It’s almost here. You can almost hear it—just the whirring of high-performance bicycle gears from afar. When it arrives in downtown Santa Rosa on Sunday, May 19 there’ll be no mistaking it by the sustained burst of cheers. For months, the noise has been building. In November, 2012, we first got word that Santa Rosa had been selected to host Overall Finish of the Amgen Tour of California. Months later, the final route was announced. On Sunday, May 12, the world’s top cycling teams begin tearing northward up the state—to the whisper of performance gearing and wind-shunning cycling jerseys—to the final two laps around Santa Rosa’s downtown, transforming the Plate of Plenty to the “place of pelotons” for a day.
Actually, while it’s a great honor to be selected as the Overall Finish line of Amgen Tour of California, it shouldn’t be a great surprise. Santa Rosa, with its surrounding countryside, is one of the nation’s top cycling destinations—and we host internationally competitive teams as their year-round or seasonal training home base.
Coincidentally, the Tour takes place during National Bike to Work Week. The weather looks like it’ll be perfect for taking advantage of Santa Rosa’s continuing efforts to add bike lanes and other improvements, making getting around on two wheels safer and more convenient for everybody. Certainly the competing cyclists are observing the Bike to Work Week—it’s their job, after all! It’s just that their commute is more than 750 miles. But the scenery’s nice.
Here’s an outline of the race:
Stage 1 – Escondido
Stage 2 – Murrieta to Palm Springs
Stage 3 – Palmdale to Santa Clarita
Stage 4 – Santa Clarita to Santa Barbara
Stage 5 – Santa Barbara to Avila Beach
Stage 6 – San Jose Time Trial
Stage 7 – Livermore to Mt. Diablo
Stage 8 – San Francisco to Santa Rosa
The peloton gets going at 8:15am from Marina Green, crossing the Golden Gate Bridge shortly thereafter (one of the few bridges across the Bay that allow cyclists—although, I very much doubt that the Amgen Tour of California athletes will have to dodge dawdling tourists on their way over!) and heading up State Route 1 along Tomales Bay. Meanwhile, the gears will already be grinding in Santa Rosa: At 7:30am Echelon Cycle & Multisport sponsors “Ride to the Finish,” amateur cyclists all the excitement of riding the closed race course through 30 miles of the official Tour course, finishing in downtown Santa Rosa. Registration is free but capped at 50 riders.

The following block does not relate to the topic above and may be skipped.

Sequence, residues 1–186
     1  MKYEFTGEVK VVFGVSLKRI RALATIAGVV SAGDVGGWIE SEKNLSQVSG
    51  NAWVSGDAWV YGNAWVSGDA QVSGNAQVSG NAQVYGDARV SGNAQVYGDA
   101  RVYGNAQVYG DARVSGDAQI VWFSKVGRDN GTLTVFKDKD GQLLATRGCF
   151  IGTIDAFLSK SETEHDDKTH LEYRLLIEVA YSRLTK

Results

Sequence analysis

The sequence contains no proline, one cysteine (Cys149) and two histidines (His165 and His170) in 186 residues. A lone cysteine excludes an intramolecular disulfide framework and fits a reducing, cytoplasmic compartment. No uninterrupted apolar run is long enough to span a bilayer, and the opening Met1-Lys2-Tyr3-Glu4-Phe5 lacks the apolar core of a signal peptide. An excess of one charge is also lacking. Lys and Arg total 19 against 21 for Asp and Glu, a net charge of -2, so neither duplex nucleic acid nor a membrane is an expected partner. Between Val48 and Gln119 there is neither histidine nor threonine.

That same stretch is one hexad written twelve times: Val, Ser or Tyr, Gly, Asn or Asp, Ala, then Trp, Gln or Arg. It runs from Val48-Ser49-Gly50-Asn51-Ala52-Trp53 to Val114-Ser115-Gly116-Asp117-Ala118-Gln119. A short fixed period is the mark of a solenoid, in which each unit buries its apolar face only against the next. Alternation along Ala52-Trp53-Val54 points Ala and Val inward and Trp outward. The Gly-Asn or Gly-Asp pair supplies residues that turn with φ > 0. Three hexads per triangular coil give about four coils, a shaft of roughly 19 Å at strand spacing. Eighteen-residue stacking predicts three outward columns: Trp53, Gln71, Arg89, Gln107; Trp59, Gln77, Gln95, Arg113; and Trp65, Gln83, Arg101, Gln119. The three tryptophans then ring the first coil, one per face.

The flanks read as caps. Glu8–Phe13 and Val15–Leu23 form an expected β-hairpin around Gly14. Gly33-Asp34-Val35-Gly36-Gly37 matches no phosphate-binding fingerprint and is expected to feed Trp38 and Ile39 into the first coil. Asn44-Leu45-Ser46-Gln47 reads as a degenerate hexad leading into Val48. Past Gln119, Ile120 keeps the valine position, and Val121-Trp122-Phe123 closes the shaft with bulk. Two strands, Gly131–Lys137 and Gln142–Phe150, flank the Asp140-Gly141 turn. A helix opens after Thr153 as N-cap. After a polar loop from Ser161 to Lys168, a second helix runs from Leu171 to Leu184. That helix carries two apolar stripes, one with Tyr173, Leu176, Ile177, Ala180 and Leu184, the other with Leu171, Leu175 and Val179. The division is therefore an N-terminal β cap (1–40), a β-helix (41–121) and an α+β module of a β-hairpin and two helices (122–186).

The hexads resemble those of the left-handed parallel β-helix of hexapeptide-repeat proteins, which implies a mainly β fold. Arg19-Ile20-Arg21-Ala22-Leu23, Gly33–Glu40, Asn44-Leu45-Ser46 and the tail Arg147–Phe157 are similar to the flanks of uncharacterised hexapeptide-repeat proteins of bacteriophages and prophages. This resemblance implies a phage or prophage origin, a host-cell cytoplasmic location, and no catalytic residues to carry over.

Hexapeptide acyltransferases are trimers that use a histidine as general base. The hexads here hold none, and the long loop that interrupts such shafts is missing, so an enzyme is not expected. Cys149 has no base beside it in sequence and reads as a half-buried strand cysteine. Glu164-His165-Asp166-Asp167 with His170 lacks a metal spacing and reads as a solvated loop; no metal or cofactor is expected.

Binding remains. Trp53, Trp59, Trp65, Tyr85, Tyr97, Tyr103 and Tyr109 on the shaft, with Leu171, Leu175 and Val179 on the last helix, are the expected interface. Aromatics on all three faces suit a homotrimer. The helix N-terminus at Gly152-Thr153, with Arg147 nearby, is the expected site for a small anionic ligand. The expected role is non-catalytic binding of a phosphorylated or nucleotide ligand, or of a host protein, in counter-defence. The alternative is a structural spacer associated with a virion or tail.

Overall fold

At 8:30am, the Lifestyle Festival opens up to all cycling enthusiasts. Located near the finish line, the Festival area is a place to spectate, congregate, educate and, of course, shop. For $1,000, participants can get the Finish Line Experience, a backstage pass to VIP areas, and greet the cyclists. Or just check out the latest bike gear, clothing, family activities and education, and refuel with the various food vendors, too. The Lifestyle Festival continues throughout the day.
Stage 8 is 81 miles, with an elevation gain of 7,592 feet. Pretty respectable, but no Oakville Grade, this time! While a previous Tour of California began a stage way out in the flat Central Valley town of Davis, streaked through Napa County after crossing the mountains and flanking Lake Berryessa, then climbing Oakville Grade and Trinity Road to land in Santa Rosa via Bennett Valley, this year’s Stage 8 is a straight shot from the Golden Gate, through Mill Valley (a steep grade that’s popular with weekend cyclists) and up the coast.
A Levi’s Gran Fondo, it ain’t? Wait. They turn north near Freestone, and it looks like they’ll climb a steep ridge via Jonive Road before linking up with Occidental Road. I’m not sure why they don’t take Sanford to Hall Road, which is a popular route with Santa Rosa cyclists—although it has little or no shoulder, it’s not too busy and motorists can share the road without having to pause for, like, an unendurable 10 seconds!
Speaking of cars, you’ll want to find a place to park yours well away from the race course. The streets closures on Sunday morning can viewed on the map at Tour Rosa, as well has suggested routes to bypass the affected downtown areas. Better yet, bike in!
At 11:30am, the peloton arrives, streaming in on Third Street headed east. They’ll pass Courthouse Square and the Sonoma County Library, turn around at Brookwood and head back downtown via Fourth Street for two final laps around downtown, the historic St. Rose District, and Railroad Square. There’ll be fewer spectators watching the left turn way over at Ninth and Wilson—but that’ll be one tight turn at top speed, folks. NBC Sports Group will cover the Stage 8 race live, starting at 10am Pacific Daylight Time, and fans can keep up-to-date via Tour Tracker.
At the race, check out the official and unofficial after parties. Santa Rosa’s Trek bicycle store sponsors an after party with Riders with the RadioShack-Leopard team ($20-$25). Along the final lap route, both Third Street Aleworks and Russian River Brewing offer cool, refreshing and brewed-on-the-spot microbrews, excellent pizza and lunches. Just remember what the experts say: Forget about crunches if you’re concerned about maintaining, or at least making some kind of progress towards that athletic, flat belly. Cardio activity like cycling will get you there. Probably more than 750 miles of cycling.
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